Last week, in Donohue v. AMN Services, LLC, the California Supreme Court handed down a very important, if unsurprising, decision regarding wage and hour class actions. There are three critically important takeaways for employers:
- An employer cannot round employee meal period punches — only exact time will work, as any non-compliance (even as minor as one minute) will trigger liability to pay a meal period premium.
- Rounding the start time of an employee’s shift is also functionally prohibited because of the potential that it will result in an employee starting his or her meal period after the end of the fifth hour, resulting in a violation of section 512 of the Labor Code and the applicable IWC Wage Orders.
- If the employer’s time records, due to rounding or otherwise, do not show a compliant meal period, then there is a “rebuttable presumption” that the employee did not get a compliant meal period. It is up to the employer to provide evidence that this presumption is not accurate; that is, that the employee actually did have the opportunity to take a complaint meal period, but elected not to do so.
Background: What is A Compliant Meal Period?
Per the California Supreme Court’s 2012 decision in Brinker Restaurant Corporation v. Superior Court: For shifts of more than five hours, employers are generally required to provide non-exempt employees an uninterrupted, duty-free meal period of at least 30 minutes before the end of the fifth hour of work, and before the end of 10th hour of work for second meal periods for shifts of more than 10 hours.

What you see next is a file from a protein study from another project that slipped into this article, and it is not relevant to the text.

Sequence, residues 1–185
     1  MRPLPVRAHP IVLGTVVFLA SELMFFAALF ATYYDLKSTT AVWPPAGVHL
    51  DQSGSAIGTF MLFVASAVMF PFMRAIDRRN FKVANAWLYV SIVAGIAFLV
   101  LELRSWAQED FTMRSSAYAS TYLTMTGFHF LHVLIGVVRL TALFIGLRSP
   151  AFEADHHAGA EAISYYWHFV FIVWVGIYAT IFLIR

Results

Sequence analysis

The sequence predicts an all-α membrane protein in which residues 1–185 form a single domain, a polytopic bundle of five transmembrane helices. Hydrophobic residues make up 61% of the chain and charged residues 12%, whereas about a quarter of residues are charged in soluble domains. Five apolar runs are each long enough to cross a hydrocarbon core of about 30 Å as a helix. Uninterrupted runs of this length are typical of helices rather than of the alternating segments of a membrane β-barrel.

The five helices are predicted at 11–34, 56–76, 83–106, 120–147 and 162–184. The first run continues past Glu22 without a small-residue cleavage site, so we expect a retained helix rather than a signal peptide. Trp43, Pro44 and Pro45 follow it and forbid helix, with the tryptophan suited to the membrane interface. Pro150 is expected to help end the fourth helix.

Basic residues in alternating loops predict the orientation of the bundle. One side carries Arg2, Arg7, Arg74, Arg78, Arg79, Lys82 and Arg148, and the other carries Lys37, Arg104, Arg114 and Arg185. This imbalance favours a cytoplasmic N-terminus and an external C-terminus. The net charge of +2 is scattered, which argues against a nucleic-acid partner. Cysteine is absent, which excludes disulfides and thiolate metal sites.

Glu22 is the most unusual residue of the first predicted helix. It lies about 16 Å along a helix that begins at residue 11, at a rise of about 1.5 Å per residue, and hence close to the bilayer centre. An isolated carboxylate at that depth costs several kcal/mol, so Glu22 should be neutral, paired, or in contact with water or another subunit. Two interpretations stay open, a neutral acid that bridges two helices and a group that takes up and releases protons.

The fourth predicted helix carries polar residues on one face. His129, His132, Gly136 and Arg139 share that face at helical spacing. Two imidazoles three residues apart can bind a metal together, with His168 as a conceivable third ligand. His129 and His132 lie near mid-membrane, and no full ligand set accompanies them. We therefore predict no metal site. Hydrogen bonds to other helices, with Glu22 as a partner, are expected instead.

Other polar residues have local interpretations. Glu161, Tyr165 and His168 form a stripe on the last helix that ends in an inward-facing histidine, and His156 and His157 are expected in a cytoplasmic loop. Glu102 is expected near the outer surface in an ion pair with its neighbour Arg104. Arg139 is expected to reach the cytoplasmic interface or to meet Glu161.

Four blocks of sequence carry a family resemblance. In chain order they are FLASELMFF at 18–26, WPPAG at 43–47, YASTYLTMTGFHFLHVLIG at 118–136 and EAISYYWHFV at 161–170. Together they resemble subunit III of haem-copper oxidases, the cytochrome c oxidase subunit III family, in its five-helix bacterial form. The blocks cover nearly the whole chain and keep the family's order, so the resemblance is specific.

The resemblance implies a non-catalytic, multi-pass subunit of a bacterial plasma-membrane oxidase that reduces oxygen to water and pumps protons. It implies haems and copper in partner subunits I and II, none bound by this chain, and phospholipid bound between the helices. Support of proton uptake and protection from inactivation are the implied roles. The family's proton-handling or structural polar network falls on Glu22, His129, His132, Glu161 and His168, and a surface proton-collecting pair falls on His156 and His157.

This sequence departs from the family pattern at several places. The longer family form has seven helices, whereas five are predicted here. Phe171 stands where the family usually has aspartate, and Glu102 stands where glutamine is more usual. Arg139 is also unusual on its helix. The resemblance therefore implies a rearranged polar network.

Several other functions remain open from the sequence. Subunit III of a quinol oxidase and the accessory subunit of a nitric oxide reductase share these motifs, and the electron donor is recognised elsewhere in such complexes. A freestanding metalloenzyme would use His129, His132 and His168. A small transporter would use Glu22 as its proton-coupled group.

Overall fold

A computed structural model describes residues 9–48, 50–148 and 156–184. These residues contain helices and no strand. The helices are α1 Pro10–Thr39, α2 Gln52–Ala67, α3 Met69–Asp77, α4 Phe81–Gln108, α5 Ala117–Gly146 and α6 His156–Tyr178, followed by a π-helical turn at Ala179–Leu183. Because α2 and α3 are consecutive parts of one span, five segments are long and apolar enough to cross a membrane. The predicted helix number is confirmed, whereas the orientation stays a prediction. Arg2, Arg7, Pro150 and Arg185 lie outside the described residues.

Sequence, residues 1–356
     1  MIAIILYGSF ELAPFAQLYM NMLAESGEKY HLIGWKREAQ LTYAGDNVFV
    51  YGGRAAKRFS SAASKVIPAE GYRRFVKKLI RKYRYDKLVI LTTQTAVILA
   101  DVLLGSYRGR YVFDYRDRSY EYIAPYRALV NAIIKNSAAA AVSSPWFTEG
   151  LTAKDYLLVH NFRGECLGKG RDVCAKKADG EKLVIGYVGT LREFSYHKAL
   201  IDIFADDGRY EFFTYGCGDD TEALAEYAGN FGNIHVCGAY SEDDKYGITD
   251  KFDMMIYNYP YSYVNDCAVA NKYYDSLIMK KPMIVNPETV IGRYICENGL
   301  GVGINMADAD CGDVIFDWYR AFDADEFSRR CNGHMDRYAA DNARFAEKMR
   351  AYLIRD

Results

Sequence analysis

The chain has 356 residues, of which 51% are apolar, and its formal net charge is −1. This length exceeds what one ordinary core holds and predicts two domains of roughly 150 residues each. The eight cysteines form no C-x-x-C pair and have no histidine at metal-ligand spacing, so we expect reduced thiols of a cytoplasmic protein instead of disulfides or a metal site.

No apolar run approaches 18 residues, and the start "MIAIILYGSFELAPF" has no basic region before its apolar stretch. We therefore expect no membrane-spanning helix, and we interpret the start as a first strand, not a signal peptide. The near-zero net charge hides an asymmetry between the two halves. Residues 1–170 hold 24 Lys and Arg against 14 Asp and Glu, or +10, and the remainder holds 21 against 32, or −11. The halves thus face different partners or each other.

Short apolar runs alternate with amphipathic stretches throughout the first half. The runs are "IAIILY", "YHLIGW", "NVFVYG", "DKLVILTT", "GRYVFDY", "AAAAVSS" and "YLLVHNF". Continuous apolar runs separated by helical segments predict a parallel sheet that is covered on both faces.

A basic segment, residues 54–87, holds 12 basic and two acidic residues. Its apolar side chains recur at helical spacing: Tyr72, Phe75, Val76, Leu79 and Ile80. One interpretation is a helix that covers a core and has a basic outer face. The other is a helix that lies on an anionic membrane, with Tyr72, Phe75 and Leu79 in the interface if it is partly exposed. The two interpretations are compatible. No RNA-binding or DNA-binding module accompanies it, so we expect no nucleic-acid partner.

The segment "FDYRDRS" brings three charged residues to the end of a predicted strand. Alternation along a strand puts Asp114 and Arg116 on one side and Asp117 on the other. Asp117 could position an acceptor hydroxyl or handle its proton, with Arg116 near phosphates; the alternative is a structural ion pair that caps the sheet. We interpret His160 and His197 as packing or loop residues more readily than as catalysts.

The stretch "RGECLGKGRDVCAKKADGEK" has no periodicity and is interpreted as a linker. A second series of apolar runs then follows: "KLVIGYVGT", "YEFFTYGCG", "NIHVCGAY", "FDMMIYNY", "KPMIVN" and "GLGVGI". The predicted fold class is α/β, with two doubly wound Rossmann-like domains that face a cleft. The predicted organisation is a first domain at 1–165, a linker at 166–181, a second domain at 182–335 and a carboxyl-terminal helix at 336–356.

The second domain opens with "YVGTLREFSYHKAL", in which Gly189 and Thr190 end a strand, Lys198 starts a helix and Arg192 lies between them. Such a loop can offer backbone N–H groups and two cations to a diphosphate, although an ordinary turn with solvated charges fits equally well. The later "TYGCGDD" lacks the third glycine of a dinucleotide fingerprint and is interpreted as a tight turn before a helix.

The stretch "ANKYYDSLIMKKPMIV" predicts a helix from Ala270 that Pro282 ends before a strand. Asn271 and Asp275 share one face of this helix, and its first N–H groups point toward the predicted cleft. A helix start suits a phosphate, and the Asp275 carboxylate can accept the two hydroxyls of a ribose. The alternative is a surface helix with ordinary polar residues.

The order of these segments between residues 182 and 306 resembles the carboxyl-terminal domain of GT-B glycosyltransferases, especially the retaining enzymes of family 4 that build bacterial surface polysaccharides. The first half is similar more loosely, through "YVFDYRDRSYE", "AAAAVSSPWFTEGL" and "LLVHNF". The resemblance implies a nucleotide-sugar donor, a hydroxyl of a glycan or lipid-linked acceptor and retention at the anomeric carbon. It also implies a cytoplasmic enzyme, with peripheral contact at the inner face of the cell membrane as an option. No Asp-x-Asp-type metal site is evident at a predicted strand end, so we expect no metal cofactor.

Importantly, based on that decision, employers are not required to “police” meal periods and guarantee that employees take such breaks. If an employer provides a meal period, but the employee decides not to take it for personal reasons (rather than the press of work), then there is no employer liability. However, if the employer does not provide the opportunity for a compliant meal period (one that is not missed altogether, or late or short), then the employer owes the employee a “premium” of one hour’s pay.
Up until 2018, it had been widely thought that Brinker and other relevant authority provided some safe harbor to employers. Aside from not having to be the “meal break police,” there was some wiggle room: a meal period that was short by a minute or two could still be compliant under the federally recognized “de minimis” doctrine, i.e., small amounts of otherwise compensable time would not add up to a violation of the Labor Code’s and the Wage Orders’ requirement of providing an off-duty 30-minute meal period.